CSS and JavaScript: More Files or Less?

If you do much reading about web optimization, you will have heard people say that you should cram all your CSS into a single large file, and all the JavaScript into another, in order to save on loading times.

80% of the end-user response time is spent on the front-end. Most of this time is tied up in downloading all the components in the page: images, stylesheets, scripts, Flash, etc. Reducing the number of components in turn reduces the number of HTTP requests required to render the page. This is the key to faster pages. (Yahoo Developer Network)

In other places, you will be told that you should separate your CSS into multiple files to make it easier to manage. One for layout, one for typography, one for colors…

Which do you think is a better idea? Personally, I prefer quick loading times. Your users will thank you for faster pages; they don’t care if it’s easy to edit parts of your site or not. Generally I prefer to put all of the main CSS into one file, but on pages that require a large amount of unique styles, I include a separate file with the page-specific styles.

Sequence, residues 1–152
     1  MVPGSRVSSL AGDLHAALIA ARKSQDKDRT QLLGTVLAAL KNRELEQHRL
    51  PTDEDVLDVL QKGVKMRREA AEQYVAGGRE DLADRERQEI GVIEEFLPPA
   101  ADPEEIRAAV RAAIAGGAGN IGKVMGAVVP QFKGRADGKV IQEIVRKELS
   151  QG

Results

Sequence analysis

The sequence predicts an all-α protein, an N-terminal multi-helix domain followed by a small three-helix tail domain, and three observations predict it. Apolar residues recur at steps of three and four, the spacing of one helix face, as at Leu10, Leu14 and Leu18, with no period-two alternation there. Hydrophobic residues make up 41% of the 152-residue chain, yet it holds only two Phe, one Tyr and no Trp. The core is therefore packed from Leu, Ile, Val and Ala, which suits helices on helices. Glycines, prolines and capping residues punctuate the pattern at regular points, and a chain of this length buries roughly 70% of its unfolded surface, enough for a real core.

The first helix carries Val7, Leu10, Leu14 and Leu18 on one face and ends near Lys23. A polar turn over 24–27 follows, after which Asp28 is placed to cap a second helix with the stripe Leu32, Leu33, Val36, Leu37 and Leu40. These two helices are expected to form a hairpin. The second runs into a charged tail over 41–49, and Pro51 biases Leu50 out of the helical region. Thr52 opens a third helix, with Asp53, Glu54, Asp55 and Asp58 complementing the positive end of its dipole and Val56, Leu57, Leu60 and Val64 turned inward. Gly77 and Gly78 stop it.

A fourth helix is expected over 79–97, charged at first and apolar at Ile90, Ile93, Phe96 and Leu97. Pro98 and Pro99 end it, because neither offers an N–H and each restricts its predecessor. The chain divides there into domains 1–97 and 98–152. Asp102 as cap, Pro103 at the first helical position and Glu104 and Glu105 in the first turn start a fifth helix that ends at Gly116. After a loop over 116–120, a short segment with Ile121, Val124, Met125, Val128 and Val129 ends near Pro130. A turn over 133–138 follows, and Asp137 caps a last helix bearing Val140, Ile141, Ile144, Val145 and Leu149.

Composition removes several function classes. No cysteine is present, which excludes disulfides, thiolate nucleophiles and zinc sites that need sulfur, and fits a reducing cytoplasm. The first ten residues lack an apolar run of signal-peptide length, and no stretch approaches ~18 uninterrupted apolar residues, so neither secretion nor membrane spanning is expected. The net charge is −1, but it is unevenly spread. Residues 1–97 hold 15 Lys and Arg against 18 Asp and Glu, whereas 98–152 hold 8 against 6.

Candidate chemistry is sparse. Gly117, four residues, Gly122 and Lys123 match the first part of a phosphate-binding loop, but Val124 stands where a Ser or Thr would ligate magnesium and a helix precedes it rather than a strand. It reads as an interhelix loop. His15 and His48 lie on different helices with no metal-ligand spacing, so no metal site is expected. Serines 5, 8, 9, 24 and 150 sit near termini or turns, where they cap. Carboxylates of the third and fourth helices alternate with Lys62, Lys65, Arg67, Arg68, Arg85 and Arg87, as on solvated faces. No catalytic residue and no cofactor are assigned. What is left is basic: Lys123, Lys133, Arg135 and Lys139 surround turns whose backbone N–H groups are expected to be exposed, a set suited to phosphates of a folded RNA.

• http://www.isuckatdesign.com Heather

    I like to work with multiple CSS in the building process, but when it comes to launch time, I combine them into one, adding comments to ease updating later.

  • http://www.ruelicke.net Marco Ruelicke.net

    I use a single CSS file, even during the building process. Imo it makes things a bit easier to use one single file.

    The only time I have two CSS files is when I have to add some IE only fixes. Those fixes end up in a second file which is only loaded if a IE user visits the site.

  • http://compsci.ca/blog Tony

    There’s no reason why you can’t have the best of both worlds. Develop in multiple files, but have them merged for live copy. Having this added to a deployment script will make this happen automagically.Besides cutting down on the number of files, various optimizations could also be run — such as compression scripts for CSS and especially JavaScript.

  • http://www.webmaster-source.com Matt

    @Heather and @Tony, excellent suggestion.

    @Marco, I use a similar method.